Figure 2(a) is the layout of the new CFA, and Fig. 2(b) is the typical spectral sensitivity . As shown in Fig. 2(b), there is cross-talk among the R, G, B, and NIR channels. The color image channels, i.e. R, G and B, are sensitive to NIR component. The NIR channel is also not ideal and is sensitive to visible light, but this is less significant. We have developed an image processing technique to extract accurate color image and NIR image from raw images. The four images of the standard X-Rite ColorChecker, R, G, B and NIR, are used as the calibration targets. Since the output RGB values from the camera and the destination values of the ColorChecker are known, a mapping color correction matrix (CCM) is estimated from these two group values and used to extract the R, G, B and NIR images from raw data 
3. System performance
To demonstrate the system concept and evaluate system performance, a set of ICG samples with various concentrations in dimethylsulfoxide (DMSO) were prepared. The ICG concentrations were 10.32 μM, 5.16 μM, 2.58 μM, 1.29 μM, 0.65 μM, 0.32 μM, 0.13 μM, and 0 μM respectively. The samples were placed directly under the CHROMOPHARE F generation surgical light. In our experiment, the power of the surgical light was measured approximately 45,000 lx. The spectra of the surgical light with normal fluorescent room light on/off were measured with Ocean Optics HR2000 + spectrometer and are shown in Fig. 3, the two measurements are almost overlapped. The inset (a) is the NIR spectrum of the fluorescent light, it is the difference of NIR spectrum between the two measurements with the fluorescent room light on/off. From the measured spectra and the inset (a), it is clear that the impact of the fluorescent room light on NIR fluorescence imaging is negligible. The NIR spectrum of the LED surgical light (inset (b)) has significantly negative impact on NIR fluorescence imaging; it reduces the ICG fluorescence image contrast because it overlaps the ICG fluorescence. This impact should be minimized in clinical applications.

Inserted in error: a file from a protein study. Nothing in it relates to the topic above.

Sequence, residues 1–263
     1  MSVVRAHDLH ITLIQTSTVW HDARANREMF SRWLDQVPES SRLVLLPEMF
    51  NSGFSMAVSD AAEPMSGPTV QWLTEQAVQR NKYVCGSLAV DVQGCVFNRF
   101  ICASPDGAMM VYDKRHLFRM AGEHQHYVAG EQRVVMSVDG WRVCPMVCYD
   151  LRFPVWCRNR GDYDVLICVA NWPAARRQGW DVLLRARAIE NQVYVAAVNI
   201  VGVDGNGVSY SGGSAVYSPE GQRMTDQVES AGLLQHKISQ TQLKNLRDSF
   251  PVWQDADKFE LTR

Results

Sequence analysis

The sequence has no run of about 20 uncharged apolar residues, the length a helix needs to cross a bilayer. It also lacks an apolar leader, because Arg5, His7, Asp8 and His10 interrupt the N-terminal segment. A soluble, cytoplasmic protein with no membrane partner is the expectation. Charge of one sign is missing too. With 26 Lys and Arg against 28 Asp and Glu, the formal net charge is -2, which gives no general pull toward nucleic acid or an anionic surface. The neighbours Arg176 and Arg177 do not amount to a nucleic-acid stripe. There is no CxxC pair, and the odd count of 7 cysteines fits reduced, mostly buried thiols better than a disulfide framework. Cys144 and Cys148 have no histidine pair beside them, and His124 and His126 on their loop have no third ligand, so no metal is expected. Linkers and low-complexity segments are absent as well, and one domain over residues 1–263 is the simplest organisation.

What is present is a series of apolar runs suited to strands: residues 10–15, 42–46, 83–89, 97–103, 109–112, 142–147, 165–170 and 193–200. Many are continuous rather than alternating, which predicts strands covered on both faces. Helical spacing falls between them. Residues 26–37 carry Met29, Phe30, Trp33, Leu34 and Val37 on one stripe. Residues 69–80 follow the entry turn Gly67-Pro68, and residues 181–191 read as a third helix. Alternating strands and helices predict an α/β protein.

The 785 nm laser diode was driven by Tektronix PWS4205 linear DC power supplier. A Newport 1916-R hand-held optical power meter was employed to measure the excitation NIR light radiation at the surface of the sample. The irradiance around 785 nm at the surface of the sample was ~5.5 mW/cm2
Figure 4(a) is the raw image of USAF 1951 test target when illuminated with white light and NIR light at 850 nm, Figs. 4(b) and 4(c) are images extracted from Green channel and NIR channel. Both extracted images can resolve 12.7 line pairs/mm, corresponding to the resolution of 78.7 µm in the object plane. Figures 5(a) and 5(b) are the NIR channel images extracted from the raw images captured when the NIR excitation laser was off and on under normal surgical lighting condition. The measurement was carried out with an integration time of 10 ms; the camera exposure time was restricted mainly by the surgical light. The bases of the ICG containers are bright because of the NIR components from the surgical light, the central ICG containers in Fig. 5(a) are brighter because the illumination from the surgical light is not uniform. Figure 5(b) is the NIR fluorescence images of ICG samples with the excitation light on, no fluorescence signal is detected from pure DMSO (the right container with 0 μM ICG concentration). It is also clear from Fig. 5(c) which is the difference image between Fig. 5(a) and Fig. 5(b), the background information is removed and fluorescence information is highlighted.
A 50x50 pixels region of interest (ROI) is set at the center of each sample in Fig. 5(c) to count the pixel values. The bit depth of the sensor is 12-bit, so the maximum gray level is 4095. The sensitivity curves of the system are shown in Fig. 6(a). It can be seen that, with stronger excitation irradiance, fluorescence signal is stronger. Here, we set the sample with ICG concentration of 0 μM (pure DMSO) as background. Figure 6(a) shows the fluorescence signal intensity which is represented by the mean pixel value of each ROI. Figure 6(b) shows the signal-to-noise ratio (SNR) in dB versus ICG concentration and NIR excitation power. The SNR is calculated as 
For a normal signal distribution a confidence level of 99.7% corresponds to 9.5 dB on the dB scale . Thus from Fig. 6(b), it is clear that the sample with concentration of 0.32 μM can be detected confidently when the excitation irradiance reaches 2.62 mW/cm2 with the exposure time of 10 ms; the sample with concentration of 0.13 μM can be detected when the irradiance is stronger than 3.92 mW/cm2 with the exposure time of 10 ms.